Made this last night and today... made the stock last night from our 7 m.o. rooster; he had a good layer of fat on him so it went in the fridge to skim the fat. Then we made the soup. Added some cabbage and used a different pasta we had on hand but it was pretty much the same soup. Simple, warming.
I don't pre-cook pasta before adding it to soup. When I make large batches of soup, I eliminate the pasta. I keep out enough for the meal in the pot, bring to boiling & add enough pasta for that meal only. I store the rest of the soup in the freezer & add uncooked pasta when reheating.
Was hoping for something that tasted like "mom made it" but this was extremely "herb-y". After adding the herbs and tasting the soup, I put the soup through a sieve to try to remove most of the herbs. Next time, if I use the herbs, I will be reducing the amounts.
I love chicken soup - one of the few soups I really enjoy. I prefer rice to pasta. If I use pasta, it's either very small pasta shells (sold here as soup pasta) or scrunched up vermicelli. Instead of herbs and spices: leeks, grated carrot, and either kale or frozen finely chopped spinach.
I am going to add some butternut squash to the broth and blend it . I believe in taking a good recipe and making the original. and then doing a variation . So we will have the noodle soup tomorrow and the butternut today;.
I cooked a chicken today and found out that 45 minutes is not quite enough time. I had a hard time getting the meat of the bones. So I put the bones, skin and vegetables into another stock pot, added 2 quarts of water and cooked that for an hour. Now I have more stock.
@LINJEN48 I like to use Dreamfield's pasta to give it more fiber and cut the carbs down a little more. BUT I like to cook the pasta separately, then add later as well so that it doesn't overcook.
I make chicken stock all the time & freeze it.I make a very large batch & use different containers that hold at least 4 cups.I don't strain my stock as I let it cook it to the point that they almost dissolve.After freezing I transfer to seal a meal bags & vacuum & seal them They keep a lot longer.
Very good soup. I do leave the skin on the chicken and add garlic. Then I blend the vegetables back in after straining. I skim the fat off and freeze all except what I can use for my family. Then make fresh pasta or rice each use.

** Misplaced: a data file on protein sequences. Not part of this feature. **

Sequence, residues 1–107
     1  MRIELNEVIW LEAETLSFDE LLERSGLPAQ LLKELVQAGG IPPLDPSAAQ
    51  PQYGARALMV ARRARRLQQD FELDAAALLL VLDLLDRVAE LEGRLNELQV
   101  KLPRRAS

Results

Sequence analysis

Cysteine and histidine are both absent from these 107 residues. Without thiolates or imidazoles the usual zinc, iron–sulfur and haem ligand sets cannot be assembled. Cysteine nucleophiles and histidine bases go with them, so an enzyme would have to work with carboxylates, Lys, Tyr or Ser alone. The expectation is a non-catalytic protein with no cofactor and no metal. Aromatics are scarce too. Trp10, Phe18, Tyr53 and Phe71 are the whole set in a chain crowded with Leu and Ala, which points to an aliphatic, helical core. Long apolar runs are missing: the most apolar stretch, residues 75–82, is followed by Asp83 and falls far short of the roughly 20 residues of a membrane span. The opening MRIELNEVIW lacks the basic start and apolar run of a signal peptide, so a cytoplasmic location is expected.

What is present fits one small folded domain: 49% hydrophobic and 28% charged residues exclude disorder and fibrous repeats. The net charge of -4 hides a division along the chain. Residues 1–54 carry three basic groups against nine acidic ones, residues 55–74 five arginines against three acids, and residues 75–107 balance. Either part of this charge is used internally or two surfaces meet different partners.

I made home made egg noodles for this, they don't get mushy like store-bought ones. I also cooked the chicken with the skin on. The flavor is better that way. The recipe was bland for our taste. It definitely needs more spice - garlic especially.
I have made this soup for years. Always a favorite with my family. I do the same with left-over turkey and the turkey carcas. In that case, I don't add the meat until the broth is ready. The only thing I add is chopped parsley at the very end.
I made the stock the night before, then finished it on the stove with more fresh veggies and the already cooked noodles. the only change i made was to add 3-4 cloves of garlic. just like mom made it.
I do the stock part in the crockpot. Since I can't add in a whole gallon of water, I put in as much as I can and then when it is done and I am ready to pull the chicken off and reserve stock etc., I add in the remaining water so it comes out right.
I cook cheap chicken legs in crockpot in oven skin & all, separate broth from chic, remove skin, bones & shred chicken, freeze chic in 4 oz portions. Cool the broth & skim off the fat, freeze in 1 cup portions. Use shirataki noodles have 0 calories. Can make one or two servings at a time. YUM!
totally agree about leaving the skin on and then refrigerating it overnight to get rid of the fat. I also like to include turnip and/or rutabaga to the stock vegetable mix. Instead of oregano/thyme/basil, I prefer using fresh parsely and fresh dill weed.
I learned years ago from my children's pediatrician that cooking chicken soup with the skin on the chicken makes the soup a natural antibiotic!..then discard the skin and put in the fridge overnight so the fat comes to the top then discard! worked well for me many a winters with 3 croupy children!!!
Great! I use an oven stuffer roaster for baked chicken 1rst night; chicken pot pie 2nd night...(when the rest of the chicken, bones and all hits the stock pot to simmer w/garlic and herbs overnight), & on 3rd morning, I make noodles and dry, and add to soup that evening. 1 bird = 3 meals!
My recipe is similar: I add garlic, minced parsley and at the end of cooking, chopped spinache. Use of the bones and skin makes the broth richer tasting, easily removed after cooking and any fat is easily skimmed off the top. I also puree the first round of veggies and add back to the soup mixture.